PMD’s Director Tom Brown explores the options open to firms looking to utilise the Government’s Coronavirus Business Interruption Loan Scheme (CBILS) to refinance their existing finance agreements.
The extent of the UK Government’s coronavirus intervention schemes has been unprecedented. As of the end of Q3, funding extended by banks and independent lenders (backed by Government support) topped £100 billion. An eye watering amount.
Whilst the various support schemes have gone some way to preserving liquidity and keeping the wheels turning through the most challenging moments of the pandemic, many firms may not have considered how servicing their existing indebtedness (such as Hire Purchase (HP) / Lease Agreements) in addition to COVID loans will impact on their future viability. Particularly at a time when most lenders are now taking a much stricter approach to forbearance measures.
While some SME business owners may have struggled to access CBILS, nearly 60 percent of that £100 billion has been provided to businesses through the Bounce Back Loan Scheme. With repayments beginning to fall due in 2021, there’s a question on many business owners’ minds. Are current liquidity levels enough to weather the continued uncertainty?
Sectors such as construction, transport and manufacturing are asset intensive with most businesses having invested heavily in capital equipment such as vehicles, plant and machinery most probably financed at some time over varying lengths of repayment.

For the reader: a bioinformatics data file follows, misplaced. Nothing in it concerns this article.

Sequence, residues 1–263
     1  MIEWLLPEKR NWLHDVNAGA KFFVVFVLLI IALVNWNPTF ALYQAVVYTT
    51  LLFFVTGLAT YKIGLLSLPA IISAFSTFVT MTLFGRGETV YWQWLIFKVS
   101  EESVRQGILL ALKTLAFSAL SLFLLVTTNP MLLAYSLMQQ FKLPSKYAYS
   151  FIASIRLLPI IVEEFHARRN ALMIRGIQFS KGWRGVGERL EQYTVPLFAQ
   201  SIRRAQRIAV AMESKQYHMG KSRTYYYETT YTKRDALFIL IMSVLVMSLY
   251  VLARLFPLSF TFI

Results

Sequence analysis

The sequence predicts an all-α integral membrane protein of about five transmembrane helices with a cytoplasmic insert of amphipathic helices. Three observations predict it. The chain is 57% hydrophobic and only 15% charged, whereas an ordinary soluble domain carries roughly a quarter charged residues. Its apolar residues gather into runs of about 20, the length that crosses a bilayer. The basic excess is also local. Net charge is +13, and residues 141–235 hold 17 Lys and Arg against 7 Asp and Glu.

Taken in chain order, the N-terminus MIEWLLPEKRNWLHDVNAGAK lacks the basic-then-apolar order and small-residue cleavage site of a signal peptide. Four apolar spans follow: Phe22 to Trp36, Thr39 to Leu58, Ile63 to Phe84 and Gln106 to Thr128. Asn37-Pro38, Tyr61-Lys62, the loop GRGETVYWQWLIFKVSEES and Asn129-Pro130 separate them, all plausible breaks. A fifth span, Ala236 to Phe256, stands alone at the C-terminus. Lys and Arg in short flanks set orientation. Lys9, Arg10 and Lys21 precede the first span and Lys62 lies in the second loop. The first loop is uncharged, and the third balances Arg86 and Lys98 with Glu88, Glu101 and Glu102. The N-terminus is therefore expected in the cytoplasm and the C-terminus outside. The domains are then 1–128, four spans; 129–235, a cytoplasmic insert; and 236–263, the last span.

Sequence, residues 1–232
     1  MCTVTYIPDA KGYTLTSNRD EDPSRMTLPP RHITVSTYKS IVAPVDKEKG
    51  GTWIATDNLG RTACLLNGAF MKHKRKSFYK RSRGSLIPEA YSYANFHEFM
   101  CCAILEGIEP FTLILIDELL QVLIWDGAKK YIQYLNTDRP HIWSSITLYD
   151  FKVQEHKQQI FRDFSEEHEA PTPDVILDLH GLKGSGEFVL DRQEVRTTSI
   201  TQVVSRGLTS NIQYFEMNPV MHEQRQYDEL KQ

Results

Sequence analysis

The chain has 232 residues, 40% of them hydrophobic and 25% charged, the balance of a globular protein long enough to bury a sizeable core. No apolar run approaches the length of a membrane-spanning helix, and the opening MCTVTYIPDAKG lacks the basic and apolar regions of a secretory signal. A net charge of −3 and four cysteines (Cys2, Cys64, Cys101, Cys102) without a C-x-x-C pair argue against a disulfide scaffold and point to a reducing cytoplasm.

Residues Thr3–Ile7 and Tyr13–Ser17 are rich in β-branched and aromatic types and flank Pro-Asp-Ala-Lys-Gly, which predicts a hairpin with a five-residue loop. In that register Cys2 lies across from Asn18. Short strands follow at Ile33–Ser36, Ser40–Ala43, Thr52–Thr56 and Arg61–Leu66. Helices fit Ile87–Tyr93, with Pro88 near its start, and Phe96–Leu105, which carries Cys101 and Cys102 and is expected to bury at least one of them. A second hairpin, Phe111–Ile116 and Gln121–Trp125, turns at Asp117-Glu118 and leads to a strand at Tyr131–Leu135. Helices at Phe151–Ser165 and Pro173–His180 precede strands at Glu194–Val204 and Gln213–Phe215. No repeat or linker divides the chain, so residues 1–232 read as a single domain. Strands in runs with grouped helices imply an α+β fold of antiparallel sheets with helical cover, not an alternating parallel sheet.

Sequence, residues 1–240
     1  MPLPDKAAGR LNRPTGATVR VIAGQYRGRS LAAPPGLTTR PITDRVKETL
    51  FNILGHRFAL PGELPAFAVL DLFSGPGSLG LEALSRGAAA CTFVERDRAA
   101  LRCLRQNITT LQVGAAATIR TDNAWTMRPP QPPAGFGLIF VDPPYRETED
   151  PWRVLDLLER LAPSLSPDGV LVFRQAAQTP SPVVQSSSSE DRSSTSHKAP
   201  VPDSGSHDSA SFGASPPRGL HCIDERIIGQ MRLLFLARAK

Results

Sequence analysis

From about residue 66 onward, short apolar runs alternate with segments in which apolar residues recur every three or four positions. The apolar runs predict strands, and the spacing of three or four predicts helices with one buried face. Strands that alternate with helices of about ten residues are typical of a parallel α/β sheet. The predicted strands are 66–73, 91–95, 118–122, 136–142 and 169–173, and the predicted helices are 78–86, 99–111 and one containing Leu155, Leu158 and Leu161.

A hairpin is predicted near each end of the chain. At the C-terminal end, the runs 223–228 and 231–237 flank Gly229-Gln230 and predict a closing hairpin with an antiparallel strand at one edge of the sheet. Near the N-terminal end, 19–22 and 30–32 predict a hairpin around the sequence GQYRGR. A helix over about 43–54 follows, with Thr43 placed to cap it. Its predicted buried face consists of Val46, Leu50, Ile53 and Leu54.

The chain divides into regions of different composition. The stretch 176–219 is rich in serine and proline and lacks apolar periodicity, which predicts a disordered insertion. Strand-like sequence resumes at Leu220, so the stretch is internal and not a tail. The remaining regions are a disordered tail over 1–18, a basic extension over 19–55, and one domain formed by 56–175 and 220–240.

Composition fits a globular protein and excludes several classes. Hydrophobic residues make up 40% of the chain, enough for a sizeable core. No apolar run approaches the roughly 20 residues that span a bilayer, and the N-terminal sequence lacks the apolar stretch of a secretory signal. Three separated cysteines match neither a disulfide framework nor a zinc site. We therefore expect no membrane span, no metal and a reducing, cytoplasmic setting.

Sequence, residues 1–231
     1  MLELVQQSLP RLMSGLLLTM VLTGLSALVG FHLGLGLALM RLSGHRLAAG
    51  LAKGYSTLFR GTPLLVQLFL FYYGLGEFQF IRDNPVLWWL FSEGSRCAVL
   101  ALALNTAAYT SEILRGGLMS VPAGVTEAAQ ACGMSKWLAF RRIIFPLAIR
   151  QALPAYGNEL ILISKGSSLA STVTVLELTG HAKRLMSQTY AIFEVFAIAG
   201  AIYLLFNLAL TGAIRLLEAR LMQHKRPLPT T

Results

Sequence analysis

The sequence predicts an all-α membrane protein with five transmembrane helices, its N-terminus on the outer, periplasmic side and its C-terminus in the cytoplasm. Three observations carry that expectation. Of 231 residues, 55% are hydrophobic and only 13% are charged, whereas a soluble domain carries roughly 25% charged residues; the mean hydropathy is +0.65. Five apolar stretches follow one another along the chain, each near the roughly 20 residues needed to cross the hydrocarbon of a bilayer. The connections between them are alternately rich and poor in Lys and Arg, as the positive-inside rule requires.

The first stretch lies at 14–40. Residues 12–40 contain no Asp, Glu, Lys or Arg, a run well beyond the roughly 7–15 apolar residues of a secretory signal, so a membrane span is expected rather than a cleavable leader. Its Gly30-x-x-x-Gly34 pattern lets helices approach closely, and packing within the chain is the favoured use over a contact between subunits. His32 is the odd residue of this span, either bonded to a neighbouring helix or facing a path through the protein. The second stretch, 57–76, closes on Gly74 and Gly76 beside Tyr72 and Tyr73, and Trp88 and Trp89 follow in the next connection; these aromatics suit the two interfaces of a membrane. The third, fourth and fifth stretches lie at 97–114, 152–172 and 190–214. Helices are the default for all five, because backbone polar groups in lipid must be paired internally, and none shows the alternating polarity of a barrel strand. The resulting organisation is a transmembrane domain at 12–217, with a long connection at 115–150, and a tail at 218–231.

In the past firms could refinance assets over a longer term, releasing equity whilst settling existing agreements. Typically, interest rates were higher than the original agreements and fixed rate settlements were expensive. This generally means that the new deal did not represent good value. Although equity could be released it was at a price and normally only used in distress situations.
However, refinancing existing agreements can now qualify for CBILS support. These transactions are much more cost effective and better suited to a firm’s long-term recovery plans.
From our experience, some business leaders may be unaware that these charges can be offset within the P&L against taxable profits and that SMEs may be eligible for multiple CBILS facilities – one of which could be a refinancing facility.
As well as reducing monthly payments, refinancing your existing debt could release additional funds back into cash flow. Some funders also provide top up CBILS loans. These sit alongside refinance agreements, releasing even more crucial funds with the majority of these offering low start options.
Below is a recent case study of a CBILS Asset Refinance in practice:
Manufacturing – £750,000 Asset Refinance
- The client was servicing £30,000 per month in HP debt, with their existing agreements being originally financed over a three year term
- By refinancing assets, we were able to release an additional £100,000 of working capital
- Given CBILS nature, there was a key benefit of capital only repayments within the first 12 months
- We were able to reschedule the payment profile over a longer term than the original agreements
- Ongoing monthly and annual debt service commitments had significant reduction, improving working capital reserves
- The headline interest rate was cheaper than the existing debt
Now is the time to review, take stock and move forward.
Our team of experts are on hand to support your business.
If you are keen to assess your financing options before the application deadline, please do not hesitate to contact Tom Brown on 07793 242 280 or get in touch here.
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